Panel 107: The EU and Global Sustainable Futures I: Renewable Energy Governance
The EU and Global Sustainable Futures I: Renewable Energy Governance
This is the first of three panels proposed to discuss the role of the European Union in the transition towards low carbon economies and more sustainable futures. This particular panel will focus on the ups and downs of the transition towards wider use of renewable energies across the EU and beyond. It includes researchers at different stages of their career and it covers perspectives from cross-disciplinary approaches (Geography, Politics, Public Policy, etc.). Each paper will contribute to the debate on different relevant aspects of the governance of renewable energies within the EU. The purpose is to address how the governance approaches have evolved over time, and try to suggest ways forward: The first paper (Catuti) will look at the role of the regulatory instruments, while the second one (Schoenefeld and Knodt) will look at the role of institutions (EU Commission and Parliament). The third paper (Fitch-Roy, Fairbrass and Woodman) will then look into the specific support instruments for renewables (from feed-in-tariffs to auctions). The panel will end up with a fourth paper (Göler and Kurze) analysing the role of the so called ‘normative power’ of the EU to influence Energy Community countries into adopting more favourable approaches to renewables and sustainable development, i.e., covering the external dimension of energy policy governance.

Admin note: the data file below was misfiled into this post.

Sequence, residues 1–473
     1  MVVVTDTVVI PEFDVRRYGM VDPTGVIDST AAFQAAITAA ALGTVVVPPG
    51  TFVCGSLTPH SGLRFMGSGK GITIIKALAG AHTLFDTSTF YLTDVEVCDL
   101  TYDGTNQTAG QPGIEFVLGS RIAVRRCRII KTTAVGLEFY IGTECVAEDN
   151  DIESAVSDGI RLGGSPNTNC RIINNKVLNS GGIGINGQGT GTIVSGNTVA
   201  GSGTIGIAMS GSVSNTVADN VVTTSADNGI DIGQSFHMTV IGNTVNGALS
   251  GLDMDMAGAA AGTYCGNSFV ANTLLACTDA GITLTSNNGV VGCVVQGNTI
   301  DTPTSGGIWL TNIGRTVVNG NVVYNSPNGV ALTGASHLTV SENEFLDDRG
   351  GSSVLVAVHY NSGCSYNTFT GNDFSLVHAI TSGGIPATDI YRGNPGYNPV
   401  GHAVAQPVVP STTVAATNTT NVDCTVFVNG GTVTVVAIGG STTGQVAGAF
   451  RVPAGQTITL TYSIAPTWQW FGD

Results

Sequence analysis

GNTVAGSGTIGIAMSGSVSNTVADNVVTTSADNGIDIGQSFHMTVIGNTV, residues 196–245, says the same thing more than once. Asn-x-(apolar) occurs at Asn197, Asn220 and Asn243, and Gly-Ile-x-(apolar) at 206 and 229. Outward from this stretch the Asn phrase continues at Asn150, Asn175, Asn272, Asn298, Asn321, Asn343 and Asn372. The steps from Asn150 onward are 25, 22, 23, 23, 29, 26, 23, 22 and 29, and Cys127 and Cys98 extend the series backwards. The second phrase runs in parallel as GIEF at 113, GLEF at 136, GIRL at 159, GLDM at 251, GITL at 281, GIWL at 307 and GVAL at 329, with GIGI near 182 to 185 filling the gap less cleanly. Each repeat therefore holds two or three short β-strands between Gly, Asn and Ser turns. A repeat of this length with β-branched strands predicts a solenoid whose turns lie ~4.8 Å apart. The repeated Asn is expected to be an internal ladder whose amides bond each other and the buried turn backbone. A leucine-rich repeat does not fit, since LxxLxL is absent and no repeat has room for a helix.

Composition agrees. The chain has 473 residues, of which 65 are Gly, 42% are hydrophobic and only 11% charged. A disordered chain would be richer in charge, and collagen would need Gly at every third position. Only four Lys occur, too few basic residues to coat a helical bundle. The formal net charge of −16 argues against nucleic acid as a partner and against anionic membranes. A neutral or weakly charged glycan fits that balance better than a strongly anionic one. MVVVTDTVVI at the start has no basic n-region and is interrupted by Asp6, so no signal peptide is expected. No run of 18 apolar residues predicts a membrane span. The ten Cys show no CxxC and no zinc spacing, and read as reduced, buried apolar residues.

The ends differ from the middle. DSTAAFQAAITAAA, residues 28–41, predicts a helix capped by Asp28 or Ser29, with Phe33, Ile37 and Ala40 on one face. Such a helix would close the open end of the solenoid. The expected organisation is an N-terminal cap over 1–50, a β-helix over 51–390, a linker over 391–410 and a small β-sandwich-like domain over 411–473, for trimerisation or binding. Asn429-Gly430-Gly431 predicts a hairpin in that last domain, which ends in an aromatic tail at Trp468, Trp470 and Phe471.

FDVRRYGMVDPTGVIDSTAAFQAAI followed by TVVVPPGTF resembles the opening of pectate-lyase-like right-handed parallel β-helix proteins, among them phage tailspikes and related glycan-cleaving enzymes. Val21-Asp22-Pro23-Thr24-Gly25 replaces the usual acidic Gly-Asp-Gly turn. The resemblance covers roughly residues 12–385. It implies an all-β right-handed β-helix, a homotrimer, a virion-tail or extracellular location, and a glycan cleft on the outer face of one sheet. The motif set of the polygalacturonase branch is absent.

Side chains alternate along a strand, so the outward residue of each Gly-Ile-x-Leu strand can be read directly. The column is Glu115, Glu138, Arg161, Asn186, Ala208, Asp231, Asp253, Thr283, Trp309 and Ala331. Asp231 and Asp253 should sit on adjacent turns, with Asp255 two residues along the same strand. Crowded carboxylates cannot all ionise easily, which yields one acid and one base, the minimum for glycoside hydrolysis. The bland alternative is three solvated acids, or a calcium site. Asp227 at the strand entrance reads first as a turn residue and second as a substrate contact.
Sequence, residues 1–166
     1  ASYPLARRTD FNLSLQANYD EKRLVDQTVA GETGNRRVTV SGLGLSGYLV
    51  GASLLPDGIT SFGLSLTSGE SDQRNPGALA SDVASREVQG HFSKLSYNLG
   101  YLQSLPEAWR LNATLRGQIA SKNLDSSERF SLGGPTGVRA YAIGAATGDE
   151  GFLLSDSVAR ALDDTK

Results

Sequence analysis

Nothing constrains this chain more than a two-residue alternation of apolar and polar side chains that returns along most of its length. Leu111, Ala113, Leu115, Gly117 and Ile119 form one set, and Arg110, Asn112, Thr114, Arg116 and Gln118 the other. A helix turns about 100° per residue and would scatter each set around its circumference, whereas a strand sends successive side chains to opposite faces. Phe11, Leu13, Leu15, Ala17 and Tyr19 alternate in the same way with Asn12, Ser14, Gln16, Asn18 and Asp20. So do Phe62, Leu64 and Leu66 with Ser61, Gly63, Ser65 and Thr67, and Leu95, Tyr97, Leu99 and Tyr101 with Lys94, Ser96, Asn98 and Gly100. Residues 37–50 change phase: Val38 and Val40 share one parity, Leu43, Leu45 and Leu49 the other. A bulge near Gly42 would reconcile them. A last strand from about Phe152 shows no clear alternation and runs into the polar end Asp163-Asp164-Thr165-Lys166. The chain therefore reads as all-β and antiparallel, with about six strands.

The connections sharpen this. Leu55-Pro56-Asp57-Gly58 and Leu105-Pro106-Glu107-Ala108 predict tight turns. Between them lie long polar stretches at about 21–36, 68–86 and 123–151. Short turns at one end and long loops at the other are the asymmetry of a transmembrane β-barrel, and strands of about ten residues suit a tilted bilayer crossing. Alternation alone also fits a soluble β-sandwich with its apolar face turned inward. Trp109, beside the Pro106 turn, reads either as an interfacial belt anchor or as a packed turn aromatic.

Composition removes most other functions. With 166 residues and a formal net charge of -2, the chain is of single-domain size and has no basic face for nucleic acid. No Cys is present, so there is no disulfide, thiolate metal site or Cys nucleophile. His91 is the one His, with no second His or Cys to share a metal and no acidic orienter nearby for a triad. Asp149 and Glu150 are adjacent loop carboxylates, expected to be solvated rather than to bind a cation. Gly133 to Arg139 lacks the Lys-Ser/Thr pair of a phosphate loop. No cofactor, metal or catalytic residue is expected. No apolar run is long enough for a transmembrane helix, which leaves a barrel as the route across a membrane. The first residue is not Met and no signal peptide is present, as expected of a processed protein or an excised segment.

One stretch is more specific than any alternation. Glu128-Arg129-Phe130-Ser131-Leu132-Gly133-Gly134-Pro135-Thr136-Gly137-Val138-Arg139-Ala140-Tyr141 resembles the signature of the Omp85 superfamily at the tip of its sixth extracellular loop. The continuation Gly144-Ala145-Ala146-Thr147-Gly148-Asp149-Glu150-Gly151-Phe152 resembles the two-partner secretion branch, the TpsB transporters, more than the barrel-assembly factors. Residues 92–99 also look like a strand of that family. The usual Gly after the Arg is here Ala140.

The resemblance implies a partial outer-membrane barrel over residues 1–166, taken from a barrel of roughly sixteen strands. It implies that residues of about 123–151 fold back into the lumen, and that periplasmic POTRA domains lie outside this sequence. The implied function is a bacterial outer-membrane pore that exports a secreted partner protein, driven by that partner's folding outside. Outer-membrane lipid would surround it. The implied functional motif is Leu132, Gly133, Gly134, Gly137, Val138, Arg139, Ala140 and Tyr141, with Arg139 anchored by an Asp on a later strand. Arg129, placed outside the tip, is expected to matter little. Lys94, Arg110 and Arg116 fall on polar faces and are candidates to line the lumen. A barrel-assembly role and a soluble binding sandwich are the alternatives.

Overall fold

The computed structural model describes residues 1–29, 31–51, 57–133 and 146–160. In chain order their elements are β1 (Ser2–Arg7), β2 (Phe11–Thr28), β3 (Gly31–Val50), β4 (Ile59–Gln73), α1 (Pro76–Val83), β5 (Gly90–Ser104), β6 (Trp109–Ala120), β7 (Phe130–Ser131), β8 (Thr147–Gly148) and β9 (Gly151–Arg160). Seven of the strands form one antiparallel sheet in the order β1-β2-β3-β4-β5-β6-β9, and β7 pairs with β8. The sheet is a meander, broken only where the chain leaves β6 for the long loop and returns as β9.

Presentations of the Symposium
EU Renewable Energy Leadership in the New Intergovernmentalism Era: The Governance of the Energy Union
The highly ambitious Energy Union project has been deemed the most significant proposal to reform European energy governance, policy and regional cooperation. Its stated purpose is to create a more secure, sustainable and competitive energy sector in the EU. Through this project, the EU would not only eventually develop a genuine common energy policy, but it would also solidify its leading role in the global efforts to mitigate the effects of climate change, especially through the promotion of renewable energy sources. While on the surface the Energy Union benefits from EU-wide support, this highly ambitious project must simultaneously meet its goals and be sensitive to the heterogeneity of national energy sectors and the general preference of member states to maintain substantial autonomy over decision-making in their energy sectors. This became obvious during the negotiations and passage of the Clean Energy for All Europeans Package. Therefore, this paper analyses two of the main legislative acts of this package, the Regulation on the Governance of the Energy Union and the Recast Directive on the Promotion of Renewable Energy, in order to show how the logic of the new intergovernmentalism theory of European integration (Bickerton et al., 2015) can explain both the negotiation process and the institutional outcomes of these legislative acts. The paper further assess whether the new governance framework of the Energy Union, especially when it comes to renewable energy, can solidify the EU in its global quest for promoting renewable energy and whether it can provide a successful example for intergovernmental cooperation on energy and climate change matters.
Governing Renewables in the EU: Softening the Surface, but Hardening the Core?